IMF raises Russia growth outlook as war boosts economy

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Russia’s economy will expand much more rapidly this year than previously expected, according to the IMF, as President Vladimir Putin’s military spending feeds through into wider growth. 

Gross domestic product is forecast to rise 2.6 per cent this year, more than double the pace the IMF predicted as recently as October, and slightly slower than the 3 per cent expansion estimated for 2023.

The Russian upgrade, by 1.5 percentage points, is the largest for any economy featured in an update to the fund’s World Economic Outlook, released on Tuesday.

The figures will raise fresh questions over the effectiveness of multiple rounds of western sanctions aimed at depressing the fiscal revenues harvested by the Kremlin to finance its war in Ukraine.

The IMF’s prediction paints a stronger picture of the Russian economy’s immediate outlook than even the Kremlin’s own forecasters. Russia’s conservative central bank forecast growth of just 0.5-1.5 per cent in 2024 last November, a drop from 2.2-2.7 per cent in 2023. 

The more bullish economy ministry has said growth in 2023 may reach 3.5 per cent but expects a smaller rise of 2.3 per cent this year. 

Pierre-Olivier Gourinchas, the IMF’s chief economist, said the new projections remained “somewhat preliminary” as the fund’s economists attempted to validate Russian statistics.

“It is definitely the case that the Russian economy has been doing better than we were expecting and many others were expecting,” he told the Financial Times in an interview. 

This could be explained by the strong stimulus provided by government spending in the Russian “war economy”, he said. Firm commodity prices were helping to hold up fossil fuel-related export revenues and were an important contributor to overall activity.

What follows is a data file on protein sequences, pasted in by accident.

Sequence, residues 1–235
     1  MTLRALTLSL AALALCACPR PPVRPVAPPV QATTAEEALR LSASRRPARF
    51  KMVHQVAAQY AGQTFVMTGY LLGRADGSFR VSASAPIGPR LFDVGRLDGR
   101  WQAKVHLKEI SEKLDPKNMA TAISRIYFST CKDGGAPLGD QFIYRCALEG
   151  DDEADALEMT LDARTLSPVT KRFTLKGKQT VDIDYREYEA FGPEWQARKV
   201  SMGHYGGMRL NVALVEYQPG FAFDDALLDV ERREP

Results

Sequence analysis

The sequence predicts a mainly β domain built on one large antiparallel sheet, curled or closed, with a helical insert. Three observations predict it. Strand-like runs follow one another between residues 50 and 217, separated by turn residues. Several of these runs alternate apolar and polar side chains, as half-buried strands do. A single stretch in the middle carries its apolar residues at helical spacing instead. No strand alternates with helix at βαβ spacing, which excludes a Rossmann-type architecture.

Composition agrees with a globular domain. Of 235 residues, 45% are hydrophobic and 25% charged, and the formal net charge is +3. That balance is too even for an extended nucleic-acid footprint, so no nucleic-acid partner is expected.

But Gourinchas warned that in the longer term the potential growth of the Russian economy was likely to be lower than before the full-scale invasion of Ukraine almost two years ago. 

Putin, who traditionally leaves macroeconomic policy to his technocrats and has shown even less interest in its finer points since the invasion, has himself predicted that growth will rise even above Russia’s official forecast. 

The Russian president has said GDP growth for 2023 could rise above the 3.5 per cent prediction and potentially even past 4 per cent. “It’s constantly being calculated, so there might be more GDP growth,” Putin told an audience of businessmen in Khabarovsk this month. 

Putin said the country’s economic performance was “an amazing result. They are supposed to be smothering and pressuring us from all sides.”

A week later, Putin claimed Russia’s 2023 growth was “founded foremost on domestic consumer and investment demand”, which he said included record spending on construction as well as industry, agriculture, tourism, and freight transport.

But senior economic officials warned the spending could be overheating the economy. “If you try to drive faster than the car’s design allows and step on the gas as hard as you can, then the engine will overheat sooner or later and we won’t get far. We might go fast, but not for long,” central bank governor Elvira Nabiullina said in December.

The fund’s predictions for Russia’s economy are stronger than those of the World Bank, which earlier this month said it expected growth of 1.3 per cent in 2024 and 0.9 per cent in 2025. 

The analysis came as the IMF upgraded its forecasts for global growth this year by 0.2 percentage points to 3.1 per cent in an update to its October outlook. Growth is expected to hold firm at 3.2 per cent in 2025, it added. 

The improved global outlook comes as inflation falls more rapidly than expected in most regions, meaning the likelihood of a “hard landing” — in which elevated borrowing costs induce a sharp slowdown — for the world economy has receded further. 

“Inflation is falling faster than expected in most regions, in the midst of unwinding supply-side issues and restrictive monetary policy,” the IMF said. It predicted global inflation would fall to 5.8 per cent in 2024 and 4.4 per cent in 2025.

Additional reporting by Anastasia Stognei in Riga

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